Traditionally, approaches to managing resources in society or providing services have tended to be presented as a stark choice between control by the state or by market mechanisms. This binary division ignores a crucial third possibility: management by autonomous citizens. Evidence suggests this approach is crucial to the wellbeing of both individuals and societies.
Two real-world stories
One: a medieval city called Ghent. The remnants of the age-old St-Baafs abbey are a public museum. Sounds logical; it is where the history of the city started. But the municipal government had to cut its budget and, as there are not many visitors, the site is closed. For a few years, nothing happens. Who cares? Then the people of the neighbourhood decide it is a great shame, a beautiful medieval refectory and garden hidden from public life. They take action because such a thing of beauty should be shared by everyone. They start a citizens’ initiative and organise lectures and concerts in the abbey. It evolves into a very successful organisation. Twenty years later, around 150 volunteers organise more than 200 public events, reaching out to thousands of people. A vibrant new urban common is created.
Two: a big country called Germany. In the 1990s, the state produces electricity mostly from nuclear energy and fossil fuels. Even in light of climate change, the four big German electricity companies think that business as usual is the only way forward. Investing in renewables is laughed at. So citizens come together and start their own energy initiatives, mostly renewable energy cooperatives (REScoops). In cities and villages, the idea turns out to be contagious, and together they start to change the energy system. Nowadays, half of the new renewable energy systems in Germany are owned by citizens and their organisations. Call it a state-wide network of local commons.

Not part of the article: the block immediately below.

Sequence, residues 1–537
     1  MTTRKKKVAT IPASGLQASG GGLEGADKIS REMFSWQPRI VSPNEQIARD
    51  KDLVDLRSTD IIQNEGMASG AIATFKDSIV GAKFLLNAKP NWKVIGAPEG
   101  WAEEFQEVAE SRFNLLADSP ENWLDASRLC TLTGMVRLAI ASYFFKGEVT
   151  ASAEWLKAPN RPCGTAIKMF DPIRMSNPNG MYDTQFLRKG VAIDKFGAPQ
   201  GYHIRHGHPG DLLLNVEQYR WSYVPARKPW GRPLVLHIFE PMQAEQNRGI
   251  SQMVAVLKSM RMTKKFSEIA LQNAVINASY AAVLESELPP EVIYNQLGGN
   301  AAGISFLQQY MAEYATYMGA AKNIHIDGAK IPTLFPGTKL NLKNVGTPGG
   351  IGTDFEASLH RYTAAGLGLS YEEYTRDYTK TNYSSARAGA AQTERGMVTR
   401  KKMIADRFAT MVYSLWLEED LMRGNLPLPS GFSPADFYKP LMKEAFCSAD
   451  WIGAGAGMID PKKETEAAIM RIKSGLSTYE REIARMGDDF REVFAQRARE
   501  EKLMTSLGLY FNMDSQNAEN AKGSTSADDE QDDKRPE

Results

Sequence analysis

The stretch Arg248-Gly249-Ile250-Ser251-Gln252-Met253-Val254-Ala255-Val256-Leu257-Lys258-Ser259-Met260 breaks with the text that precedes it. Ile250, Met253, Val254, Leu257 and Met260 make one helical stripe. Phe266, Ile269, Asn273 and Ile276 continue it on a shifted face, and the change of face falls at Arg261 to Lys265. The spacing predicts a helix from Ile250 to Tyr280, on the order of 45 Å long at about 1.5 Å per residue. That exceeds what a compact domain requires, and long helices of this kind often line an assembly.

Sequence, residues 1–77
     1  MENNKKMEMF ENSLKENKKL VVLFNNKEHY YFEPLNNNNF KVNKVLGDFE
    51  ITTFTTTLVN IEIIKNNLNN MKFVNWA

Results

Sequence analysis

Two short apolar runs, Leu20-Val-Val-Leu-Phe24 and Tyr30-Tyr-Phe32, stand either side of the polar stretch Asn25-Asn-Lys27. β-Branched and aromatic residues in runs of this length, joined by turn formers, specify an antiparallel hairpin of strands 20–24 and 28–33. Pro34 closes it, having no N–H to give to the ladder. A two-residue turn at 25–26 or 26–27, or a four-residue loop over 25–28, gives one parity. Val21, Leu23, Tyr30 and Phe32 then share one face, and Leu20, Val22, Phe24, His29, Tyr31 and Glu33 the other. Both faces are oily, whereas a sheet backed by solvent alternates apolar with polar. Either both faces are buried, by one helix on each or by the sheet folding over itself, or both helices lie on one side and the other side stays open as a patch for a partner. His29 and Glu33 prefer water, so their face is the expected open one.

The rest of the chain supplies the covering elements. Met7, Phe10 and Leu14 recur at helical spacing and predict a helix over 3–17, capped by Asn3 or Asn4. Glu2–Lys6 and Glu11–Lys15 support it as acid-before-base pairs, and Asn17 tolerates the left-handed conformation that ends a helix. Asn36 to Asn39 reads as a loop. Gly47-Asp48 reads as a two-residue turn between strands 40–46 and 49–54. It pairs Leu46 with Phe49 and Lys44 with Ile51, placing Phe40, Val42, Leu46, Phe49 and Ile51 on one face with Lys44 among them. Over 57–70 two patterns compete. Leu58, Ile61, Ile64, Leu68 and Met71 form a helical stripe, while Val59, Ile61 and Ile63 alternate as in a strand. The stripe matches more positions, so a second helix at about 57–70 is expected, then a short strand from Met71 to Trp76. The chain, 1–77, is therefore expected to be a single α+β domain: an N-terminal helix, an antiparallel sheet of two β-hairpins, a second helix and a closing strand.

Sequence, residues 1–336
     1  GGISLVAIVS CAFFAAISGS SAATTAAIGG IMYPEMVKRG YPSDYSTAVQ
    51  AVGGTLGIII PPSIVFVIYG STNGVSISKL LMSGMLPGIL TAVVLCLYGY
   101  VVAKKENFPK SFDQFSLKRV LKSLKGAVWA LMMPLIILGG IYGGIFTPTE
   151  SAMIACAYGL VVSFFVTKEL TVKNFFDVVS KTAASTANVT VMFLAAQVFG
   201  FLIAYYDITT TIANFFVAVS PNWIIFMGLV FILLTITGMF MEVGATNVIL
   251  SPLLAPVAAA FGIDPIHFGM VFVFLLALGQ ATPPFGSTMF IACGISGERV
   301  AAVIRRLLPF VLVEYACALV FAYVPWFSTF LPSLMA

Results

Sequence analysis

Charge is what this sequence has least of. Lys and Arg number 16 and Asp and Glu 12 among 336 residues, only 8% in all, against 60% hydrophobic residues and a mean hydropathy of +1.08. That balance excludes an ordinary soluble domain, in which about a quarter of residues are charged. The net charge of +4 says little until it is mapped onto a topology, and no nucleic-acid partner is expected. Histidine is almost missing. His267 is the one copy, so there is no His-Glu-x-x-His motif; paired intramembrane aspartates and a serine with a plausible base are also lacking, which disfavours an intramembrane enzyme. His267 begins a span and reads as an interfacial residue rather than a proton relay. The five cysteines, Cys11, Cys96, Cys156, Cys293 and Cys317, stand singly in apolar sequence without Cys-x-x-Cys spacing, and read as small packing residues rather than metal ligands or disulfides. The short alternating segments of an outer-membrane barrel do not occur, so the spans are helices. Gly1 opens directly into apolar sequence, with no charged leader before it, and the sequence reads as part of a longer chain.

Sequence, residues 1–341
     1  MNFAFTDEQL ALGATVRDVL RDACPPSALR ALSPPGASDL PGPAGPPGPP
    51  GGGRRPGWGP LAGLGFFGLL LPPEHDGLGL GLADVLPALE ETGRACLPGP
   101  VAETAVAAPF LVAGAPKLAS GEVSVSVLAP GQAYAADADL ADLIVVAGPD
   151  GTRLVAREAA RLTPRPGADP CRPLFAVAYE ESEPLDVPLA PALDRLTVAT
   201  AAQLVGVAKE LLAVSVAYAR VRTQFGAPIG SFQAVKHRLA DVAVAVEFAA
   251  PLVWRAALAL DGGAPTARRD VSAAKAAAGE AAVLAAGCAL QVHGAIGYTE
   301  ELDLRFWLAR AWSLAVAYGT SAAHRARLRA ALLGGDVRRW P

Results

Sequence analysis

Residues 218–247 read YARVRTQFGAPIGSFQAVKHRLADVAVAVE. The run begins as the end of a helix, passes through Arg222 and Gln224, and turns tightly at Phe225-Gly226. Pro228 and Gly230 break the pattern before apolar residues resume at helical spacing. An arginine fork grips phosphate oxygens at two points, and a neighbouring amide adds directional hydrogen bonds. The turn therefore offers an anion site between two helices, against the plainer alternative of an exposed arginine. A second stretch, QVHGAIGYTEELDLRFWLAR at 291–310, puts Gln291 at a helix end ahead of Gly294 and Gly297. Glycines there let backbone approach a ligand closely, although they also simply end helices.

You’ll never walk alone
These examples are true, but they only tell half the story.
In Ghent, the neighbours had to ask for the key to the abbey. The civil servant responsible, probably a visionary, not only gave it to them but added: “Nobody can inspire such an abbey as a neighbourhood”. Several departments of the municipal government actively supported the citizens’ initiative by, for example, announcing the activities in the newsletter of the official neighbourhood centre. The responsible alderman had to back their civil servants who, in a gesture of trust, just handed over the keys; after a while, on a permanent basis.
In Germany, the REScoops could only establish themselves in such numbers because of a stimulating legal framework, with stable feed-in tariffs for the renewable energy delivered to the energy network. First introduced in 1990, this law was consolidated with the ambitious Law on Renewable Energy, (and other far-reaching government policies), ten years later. When the financial crisis arrived later, putting your money in renewable energy systems was not only a civil gesture, but also a financially smart move.
These two examples are in line with research done in the Netherlands on citizens’ initiatives. In one way or another, they all have to rely on support from the government, be it for a space they need for their activities, a piece of land for urban agriculture, or some money. As we will argue, this support is not a problem, but rather a vital part of democracy.
There is still a dimension missing in these stories: the economic one. People in Germany who produce their own renewable electricity still sell it on a market, albeit a highly regulated one. And, luckily, when there is no wind or sun they can buy energy that comes from other sources or other countries. Even if the ‘Neighbours of the Abbey’ is run by volunteers, they also have to pay their bills. So they run a café during their activities, which, from a Belgian perspective, is the most obvious thing to do financially.
Together with the Liberals and the Socialists, ecologists acknowledge that a combination of market, state and autonomy components is optimal.
Let’s move from the examples to the general societal debate. If, for instance, we look at opinions about how we should organise housing, they tend to lie on a spectrum between two opposing views. On the Left, there is the view that the government is the best option to organise it in a fair way. On the other side, the Right argues that only the market can allocate houses in an optimal manner. On a higher level, a lot of commentators interpreted the fall of the Berlin Wall in 1989 as the victory of the Right side of the spectrum. Concretely, in countries such as the UK, this led to the dismantling of public social housing, and the transferral of care homes from the public to the private sector.